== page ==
(¶ 8} Chavis testified that he did not call the police from the scene of the shooting because he was afraid that appellant and his friends would return and shoot at him again. Instead, he drove home and asked his mother to call the police. While he waited for the police, he observed that several of his car windows were heavily damaged from the gunshots and that several bullets and shell casings were scattered throughout the car. At trial, Chavis identified appellant as the shooter.

(¶ 9} In addition to Chavis's testimony, the state presented testimony from three members of the Columbus Police Department. Officer Stephen Asch testified that he was on patrol shortly after midnight on February 7, 2010 when he received a dispatch that a car had been "shot up" near the Speedway gas station at the intersection of Winchester Pike and Refugee Road. (Tr. 31.) Officer Asch responded to the scene and encountered Chavis, alone. Chavis reported that a vehicle with four or five male occupants pulled up next to him while he was stopped at a traffic light on Refugee Road. According to Officer Asch, Chavis said that appellant, one of the passengers in the vehicle, fired three shots into Chavis's vehicle, and then turned left onto Winchester Pike. Officer Asch did not interview anyone else and did not find any bullets or shell casings at the scene.

(¶ 10} Detective Delbert Chapman testified that he interviewed Chavis at his home at approximately 1:30 a.m. on February 7, 2010. During that interview, Chavis reported the details of the shooting and identified appellant as the shooter. He told Detective Chapman he believed the impetus for the shooting was the fact that the two had been engaged in an ongoing dispute over a chain necklace. According to Detective Chapman, Chavis also stated that prior to the February 7, 2010 incident, appellant had threatened to shoot Chavis's car with a .22-caliber revolver.

(¶ 11} Detective Chapman took photographs of Chavis's car as part of his investigation. These photographs, identified at trial by Detective Chapman as state's exhibit Nos. 1-8, depict Chavis's car after the alleged shooting. The front driver's side window and the right rear passenger window are completely blown out. Detective Chapman testified that there is a "very good possibility" that bullets pierced the glass in these windows and the glass later "crumble[d]" at the scene or during Chavis's drive home. (Tr. 66.) The glass in the left rear passenger window contains a hole but otherwise remains intact. According to Detective Chapman, the hole in the left rear passenger window indicates that a gunshot had been fired through the window. He further testified that he examined the vehicle's interior, which revealed no bullets, bullet fragments, or bullet strikes. He explained that there was a "strong possibility" that bullets entered the vehicle through a window, crossed through the interior of the vehicle, and exited through another window. (Tr. 55.)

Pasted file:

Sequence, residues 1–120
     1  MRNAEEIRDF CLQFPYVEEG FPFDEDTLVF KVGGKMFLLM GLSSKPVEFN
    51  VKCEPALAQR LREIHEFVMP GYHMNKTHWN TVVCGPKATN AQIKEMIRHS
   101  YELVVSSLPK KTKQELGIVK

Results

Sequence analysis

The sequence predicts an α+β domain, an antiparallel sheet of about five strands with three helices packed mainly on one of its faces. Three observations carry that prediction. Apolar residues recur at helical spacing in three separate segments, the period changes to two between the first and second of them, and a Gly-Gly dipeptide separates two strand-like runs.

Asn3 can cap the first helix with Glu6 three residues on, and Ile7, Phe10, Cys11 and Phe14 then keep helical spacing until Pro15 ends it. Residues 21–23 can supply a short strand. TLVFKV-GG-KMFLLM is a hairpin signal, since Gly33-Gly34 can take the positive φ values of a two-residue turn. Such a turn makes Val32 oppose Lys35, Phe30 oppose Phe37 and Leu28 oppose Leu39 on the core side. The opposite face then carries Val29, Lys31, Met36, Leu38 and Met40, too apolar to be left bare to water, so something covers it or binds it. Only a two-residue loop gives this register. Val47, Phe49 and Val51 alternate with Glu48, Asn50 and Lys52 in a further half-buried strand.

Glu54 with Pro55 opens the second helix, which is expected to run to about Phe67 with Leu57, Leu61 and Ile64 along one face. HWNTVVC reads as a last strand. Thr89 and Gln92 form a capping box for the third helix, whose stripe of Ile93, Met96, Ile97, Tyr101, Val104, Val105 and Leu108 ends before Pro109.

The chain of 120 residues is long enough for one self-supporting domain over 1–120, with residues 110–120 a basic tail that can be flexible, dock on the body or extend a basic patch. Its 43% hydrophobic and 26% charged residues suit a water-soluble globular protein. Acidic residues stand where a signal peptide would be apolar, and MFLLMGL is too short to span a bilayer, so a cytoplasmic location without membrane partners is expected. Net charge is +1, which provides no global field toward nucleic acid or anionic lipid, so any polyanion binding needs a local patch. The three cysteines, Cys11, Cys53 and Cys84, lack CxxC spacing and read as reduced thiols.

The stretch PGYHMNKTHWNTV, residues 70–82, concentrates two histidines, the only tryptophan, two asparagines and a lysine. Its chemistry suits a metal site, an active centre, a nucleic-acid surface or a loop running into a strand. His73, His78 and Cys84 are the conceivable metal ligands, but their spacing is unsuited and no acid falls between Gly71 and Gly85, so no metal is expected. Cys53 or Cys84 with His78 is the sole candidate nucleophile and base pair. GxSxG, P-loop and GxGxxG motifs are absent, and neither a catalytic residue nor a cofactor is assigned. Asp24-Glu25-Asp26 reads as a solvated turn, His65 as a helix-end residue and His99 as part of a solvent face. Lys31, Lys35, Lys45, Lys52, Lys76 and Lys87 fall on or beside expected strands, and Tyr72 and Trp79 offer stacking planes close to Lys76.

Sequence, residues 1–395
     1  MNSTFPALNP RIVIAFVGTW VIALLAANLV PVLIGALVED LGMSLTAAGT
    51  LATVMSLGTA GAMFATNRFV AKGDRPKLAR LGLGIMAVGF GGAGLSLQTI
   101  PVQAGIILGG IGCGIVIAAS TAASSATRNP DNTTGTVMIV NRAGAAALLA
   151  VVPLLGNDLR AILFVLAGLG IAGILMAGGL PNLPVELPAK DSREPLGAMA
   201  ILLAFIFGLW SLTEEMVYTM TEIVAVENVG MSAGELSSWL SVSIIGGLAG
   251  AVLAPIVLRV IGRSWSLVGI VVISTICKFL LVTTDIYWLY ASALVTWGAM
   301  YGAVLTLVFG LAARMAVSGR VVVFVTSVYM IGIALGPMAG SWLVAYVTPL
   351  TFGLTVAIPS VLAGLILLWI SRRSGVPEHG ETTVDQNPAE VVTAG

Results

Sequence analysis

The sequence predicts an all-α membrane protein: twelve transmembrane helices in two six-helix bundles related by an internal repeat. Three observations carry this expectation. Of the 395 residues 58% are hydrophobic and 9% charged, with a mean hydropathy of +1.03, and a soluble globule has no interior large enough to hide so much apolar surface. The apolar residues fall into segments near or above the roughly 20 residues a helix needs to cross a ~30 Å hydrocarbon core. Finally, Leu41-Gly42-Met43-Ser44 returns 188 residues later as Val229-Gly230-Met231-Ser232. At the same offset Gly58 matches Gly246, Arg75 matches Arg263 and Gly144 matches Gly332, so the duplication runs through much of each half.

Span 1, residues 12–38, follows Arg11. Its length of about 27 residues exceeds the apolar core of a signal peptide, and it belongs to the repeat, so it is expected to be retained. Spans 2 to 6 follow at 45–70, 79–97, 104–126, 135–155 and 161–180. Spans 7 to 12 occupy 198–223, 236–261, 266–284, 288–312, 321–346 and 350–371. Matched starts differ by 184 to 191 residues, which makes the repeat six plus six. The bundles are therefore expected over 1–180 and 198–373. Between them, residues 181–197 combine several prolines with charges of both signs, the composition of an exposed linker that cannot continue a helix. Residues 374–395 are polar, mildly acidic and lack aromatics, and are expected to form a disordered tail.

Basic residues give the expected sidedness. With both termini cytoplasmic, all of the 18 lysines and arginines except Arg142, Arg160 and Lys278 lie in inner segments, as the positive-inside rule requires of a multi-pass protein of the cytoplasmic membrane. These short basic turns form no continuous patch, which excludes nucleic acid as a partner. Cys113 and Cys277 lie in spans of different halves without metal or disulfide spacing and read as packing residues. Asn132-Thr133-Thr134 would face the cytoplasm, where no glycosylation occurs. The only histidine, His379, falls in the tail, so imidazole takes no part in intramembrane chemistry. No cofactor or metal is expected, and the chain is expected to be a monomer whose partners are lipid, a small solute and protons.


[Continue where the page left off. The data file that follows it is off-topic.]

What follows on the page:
(¶ 12} Detective Chapman further testified that he drove to the Speedway station after concluding the interview with Chavis. There, a clerk who was working at the time of the incident reported that she did not hear any gunshots and did not hear or see anything related to the incident.

(¶ 13} Detective James Howe testified that he interviewed Price while Detective Chapman interviewed Chavis. According to Detective Howe, the Price interview generated no viable suspects and produced nothing useful to the investigation "other than a shooting occurred." (Tr. 93.) Detective Howe stated that Price did not provide a specific name for the shooter and did not mention appellant's name.

(¶ 14} Appellant presented no evidence in his defense, and the jury returned verdicts finding him guilty of all counts charged in the indictment. Following a sentencing hearing on September 6, 2012, the trial court sentenced appellant to two years for each of the felonious assault convictions, to be served concurrently, three years for each of the firearm specifications, to be served consecutively to each other and to the term imposed on the felonious assault convictions, and five years for each of the discharging a firearm from a motor vehicle specifications, to be served concurrently to each other but consecutive to the terms imposed on the felonious assault convictions and the firearm specifications. In sum, the trial court imposed a prison sentence of 13 years.

(¶ 15} Appellant appeals, assigning the following three errors:

[I.] THE FELONIOUS ASSAULT CONVICTIONS AND SPECIFICATIONS MUST BE REVERSED BECAUSE THEY WERE OBTAINED THROUGH INEFFECTIVE ASSISTANCE OF TRIAL COUNSEL IN VIOLATION OF THE SIXTH AMENDMENT TO THE U.S. CONSTITUTION.
[II.] THE FELONIOUS ASSAULT CONVICTIONS MUST BE REVERSED BECAUSE THEY WERE OBTAINED AGAINST THE ...